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  • There is convincing experimental evidence that active sodium and chloride transporters are expressed in the lung epithelium and are responsible for the ability of the lung to remove alveolar fluid at birth as well as in the normal mature lung and when pathological conditions lead to the development of pulmonary edema. The ion transporters described in the alveolar epithelium are epithelial sodium channels, the cystic fibrosis transmembrane conductance regulator, the Na+, K+-ATPase (sodium pump), and aquaporin water channels. In the recent years many experimental studies have shown that the alveolar epithelium plays an important role in alveolar fluid clearance by active vectorial sodium transport. Sodium enters through the apically located amiloride sensitive Na+ channels and it is extruded by the basolaterally located Na+, K+-ATPase consuming ATP with water following iso-osmotically the Na+ gradients. Several drugs that enhance alveolar edema clearance positively affect this mechanism. These include á-adrenergic agonists (epinephrine, nor epinephrine), â-adrenergic agonists (dobutamine, terbutaline, isoproterenol, salmeterol), dopamine, dexamethasone, aldosterone, and several growth factors. The active vectorial sodium and water transport enhanced by specific pharmacological or gene interventions may have a significant role in the resolution of cardiogenic (hydrostatic) or non cardiogenic (increased permeability) pulmonary edema. However, clinical data are lacking yet concerning the importance of the enhancement of lung liquid clearance on survival in patients with acute hypoxemic respiratory failure due to pulmonary edema. Pneumon 2006, 19(1):14-23.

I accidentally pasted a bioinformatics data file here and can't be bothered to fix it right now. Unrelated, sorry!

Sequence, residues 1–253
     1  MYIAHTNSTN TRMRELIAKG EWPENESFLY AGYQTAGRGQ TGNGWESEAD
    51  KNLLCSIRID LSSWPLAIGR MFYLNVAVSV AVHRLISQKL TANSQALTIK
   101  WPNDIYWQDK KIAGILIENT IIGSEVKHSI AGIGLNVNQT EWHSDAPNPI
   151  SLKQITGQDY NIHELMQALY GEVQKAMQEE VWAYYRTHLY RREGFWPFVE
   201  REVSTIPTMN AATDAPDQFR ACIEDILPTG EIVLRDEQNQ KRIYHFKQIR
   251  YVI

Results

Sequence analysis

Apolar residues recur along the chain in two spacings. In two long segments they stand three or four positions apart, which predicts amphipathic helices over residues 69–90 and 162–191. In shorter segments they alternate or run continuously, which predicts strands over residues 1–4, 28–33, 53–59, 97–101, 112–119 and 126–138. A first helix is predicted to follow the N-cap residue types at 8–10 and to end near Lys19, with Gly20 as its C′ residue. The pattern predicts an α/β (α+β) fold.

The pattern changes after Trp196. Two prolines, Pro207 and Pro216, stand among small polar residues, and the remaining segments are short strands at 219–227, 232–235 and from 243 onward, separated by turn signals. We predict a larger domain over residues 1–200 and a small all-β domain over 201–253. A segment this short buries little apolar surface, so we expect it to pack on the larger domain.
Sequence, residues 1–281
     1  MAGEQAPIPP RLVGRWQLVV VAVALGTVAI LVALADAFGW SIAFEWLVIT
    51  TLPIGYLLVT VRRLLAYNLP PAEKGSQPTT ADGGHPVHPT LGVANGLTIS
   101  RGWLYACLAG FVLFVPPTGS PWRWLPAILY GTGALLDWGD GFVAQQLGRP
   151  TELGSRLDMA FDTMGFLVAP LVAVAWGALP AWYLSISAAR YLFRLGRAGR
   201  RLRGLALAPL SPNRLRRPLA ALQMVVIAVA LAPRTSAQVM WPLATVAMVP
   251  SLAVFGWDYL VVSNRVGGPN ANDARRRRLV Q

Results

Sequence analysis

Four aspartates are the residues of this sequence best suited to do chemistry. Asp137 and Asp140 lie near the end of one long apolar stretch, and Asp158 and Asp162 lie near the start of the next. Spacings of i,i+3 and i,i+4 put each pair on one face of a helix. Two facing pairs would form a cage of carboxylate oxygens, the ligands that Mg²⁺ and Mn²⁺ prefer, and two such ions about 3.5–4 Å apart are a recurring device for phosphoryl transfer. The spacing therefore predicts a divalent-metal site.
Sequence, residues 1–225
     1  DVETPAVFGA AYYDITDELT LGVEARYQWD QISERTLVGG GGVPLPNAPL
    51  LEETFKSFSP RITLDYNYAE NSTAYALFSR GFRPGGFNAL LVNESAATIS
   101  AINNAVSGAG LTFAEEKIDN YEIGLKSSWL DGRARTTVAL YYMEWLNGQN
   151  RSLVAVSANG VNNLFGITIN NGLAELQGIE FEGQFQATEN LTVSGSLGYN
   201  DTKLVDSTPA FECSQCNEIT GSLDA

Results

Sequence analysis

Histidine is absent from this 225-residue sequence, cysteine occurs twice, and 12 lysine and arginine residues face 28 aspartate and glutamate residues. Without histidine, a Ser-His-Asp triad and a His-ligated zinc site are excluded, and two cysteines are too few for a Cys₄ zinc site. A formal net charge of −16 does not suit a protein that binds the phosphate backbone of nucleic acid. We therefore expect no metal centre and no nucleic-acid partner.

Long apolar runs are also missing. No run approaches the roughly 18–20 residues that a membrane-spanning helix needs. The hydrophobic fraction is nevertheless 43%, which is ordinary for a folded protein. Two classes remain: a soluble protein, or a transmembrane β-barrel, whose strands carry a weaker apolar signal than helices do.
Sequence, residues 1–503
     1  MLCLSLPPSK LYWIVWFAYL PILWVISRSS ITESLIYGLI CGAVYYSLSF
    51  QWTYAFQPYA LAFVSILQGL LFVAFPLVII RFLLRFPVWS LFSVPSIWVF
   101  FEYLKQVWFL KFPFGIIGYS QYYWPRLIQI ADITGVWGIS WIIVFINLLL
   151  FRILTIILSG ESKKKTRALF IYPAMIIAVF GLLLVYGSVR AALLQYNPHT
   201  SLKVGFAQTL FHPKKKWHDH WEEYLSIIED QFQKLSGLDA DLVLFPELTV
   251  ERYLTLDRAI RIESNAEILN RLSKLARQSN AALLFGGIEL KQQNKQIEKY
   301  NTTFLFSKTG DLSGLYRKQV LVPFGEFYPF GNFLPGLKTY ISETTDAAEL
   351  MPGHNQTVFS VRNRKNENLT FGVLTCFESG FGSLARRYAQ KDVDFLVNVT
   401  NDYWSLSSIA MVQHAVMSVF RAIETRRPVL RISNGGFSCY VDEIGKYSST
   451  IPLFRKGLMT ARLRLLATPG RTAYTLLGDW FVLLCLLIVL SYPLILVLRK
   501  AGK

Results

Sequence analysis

• Bronchial challenge by eucapnic voluntary hyperventilation is based on the stimulation of inflammatory cells and nerve endings of the airways and for this reason is considered as an indirect challenge test. Hyperventilation is associated with increased loss of water from the bronchial mucosa, causing a rise in the osmolarity of the mast cell microenvironment, which eventually releases numerous mediators, as histamine, prostaglandins and leukotrienes. To a lesser extent this effect is enhanced by the stimulation of the airway nerve endings and by the cooling-rewarming sequence. The test bears a strong association with markers of inflammatory airway disease and allows adjustment of anti-inflammatory treatment and more effective disease follow-up. It is also an extremely specific test for the diagnosis of bronchial asthma and it is considered as the test of choice for the diagnosis of exerciseinduced asthma. During the test the subject is encouraged to hyperventilate, in order to achieve and sustain particular target ventilation, which varies according to protocol employed. Eucapnia is sus tained via the simultaneous administration of CO2, while response is quantified by measuring the drop in FEV1. The test is considered positive when the drop is greater than 10%. Eucapnic hyperventilation challenge is considered an extremely safe test. Pneumon 2006, 19(1):24-35.